Water, Wastewater Industry Must Change With the Times

As with many things in our lives, we often settle into a particular routine. Whether it?s the road we follow to work, our morning routine, or the way in which we do business, it is often associated with the thinking ?that?s the way it?s always been done.? Times are changing and the water and wastewater industry is no different.

As with many things in our lives, we often settle into a particular routine. Whether it?s the road we follow to work, our morning routine, or the way in which we do business, it is often associated with the thinking ?that?s the way it?s always been done.? Times are changing and the water and wastewater industry is no different.

Look at the water and wastewater industry and think back to 10, 15 or even 20 years ago. Many companies have come and gone in just a few short years. The manner in which projects are awarded has changed and so has the way an equipment supplier fits into the grand scheme of a project.

For many years in the United States, equipment suppliers rarely got involved directly with the specific municipality’s or industry’s wastewater treatment plant planning and design. Today the equipment supplier is getting more and more directly involved in these areas.

Traditionally we have been used to the consulting engineer working closely with the customer to design the facility and determine the actual procurement methods. Recent changes have shown that there is some interest in involving both contractors and equipment suppliers in this process.

However, if we look across the Atlantic to the UK, we see a very different strategy in procurement methods.

One of the new strategies is the principal of allowing the customer and equipment supplier to work together on an open book basis to produce a design that offers the lowest net present value for the project. At the same time, the concept of bidding a plant’s installation needs is no longer assumed to be the standard procedure.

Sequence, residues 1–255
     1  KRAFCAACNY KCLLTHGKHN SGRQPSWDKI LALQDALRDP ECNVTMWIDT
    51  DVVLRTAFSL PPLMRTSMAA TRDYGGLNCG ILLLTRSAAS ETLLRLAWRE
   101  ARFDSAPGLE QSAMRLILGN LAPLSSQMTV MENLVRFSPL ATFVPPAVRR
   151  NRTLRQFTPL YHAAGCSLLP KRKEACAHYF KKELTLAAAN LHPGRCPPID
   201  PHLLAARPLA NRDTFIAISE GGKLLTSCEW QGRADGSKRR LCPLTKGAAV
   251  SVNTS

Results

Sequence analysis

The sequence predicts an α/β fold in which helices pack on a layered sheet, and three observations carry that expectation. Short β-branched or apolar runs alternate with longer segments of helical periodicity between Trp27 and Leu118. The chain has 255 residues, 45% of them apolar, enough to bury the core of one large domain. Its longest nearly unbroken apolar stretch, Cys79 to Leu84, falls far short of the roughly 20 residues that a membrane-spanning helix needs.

The era of bulk purchasing has a new meaning in the UK. Equipment has been purchased in bulk form in a number of industries in the past.

Many of us may think of purchasing standard, catalog type products in this manner, such as valves, pipes or even fire hydrants, but not systems or processes that may be used at a wastewater treatment plant.

When a standard part is needed, it could simply be pulled from the shelf and installed. But in the UK, they’ve taken the next step forward into equipment that would typically be thought of as built to order or design and install.

In 1995, Cegelec Projects Ltd. and Water Pollution Control Corp. entered into a partnership agreement for the supply of all fine bubble aeration systems for plants serviced by Dwr Cymru Welsh Water in the UK. Target prices were worked into a contract that would allow the purchase of total aeration systems for various plants.

To date, more than 10 plants have been equipped with such aeration systems purchased in this manner. With proven success of this program over the past 3 years, the expansion into purchasing an entire plant’s process needs has evolved.

It’s evolved from bulk purchasing of pumps, blowers or even aeration systems to sequencing batch reactor (SBR) systems. The entire process needs of a plant have gone from the normal process of numerous vendors bidding a job, to working with the preferred vendor that will supply the entire plants equipment.

Back in the United States, times continue to change in the water and wastewater industry. As companies come and go, new government regulations are set in place. The market in the U.S. is also showing signs of some change in procurement options.

Will municipalities and industries work exclusively with preferred suppliers and disregard the bidding process we’ve been accustomed to for so long? You may say “absolutely not,” or “it’s possible,” but then again, anything is possible and only time will tell.

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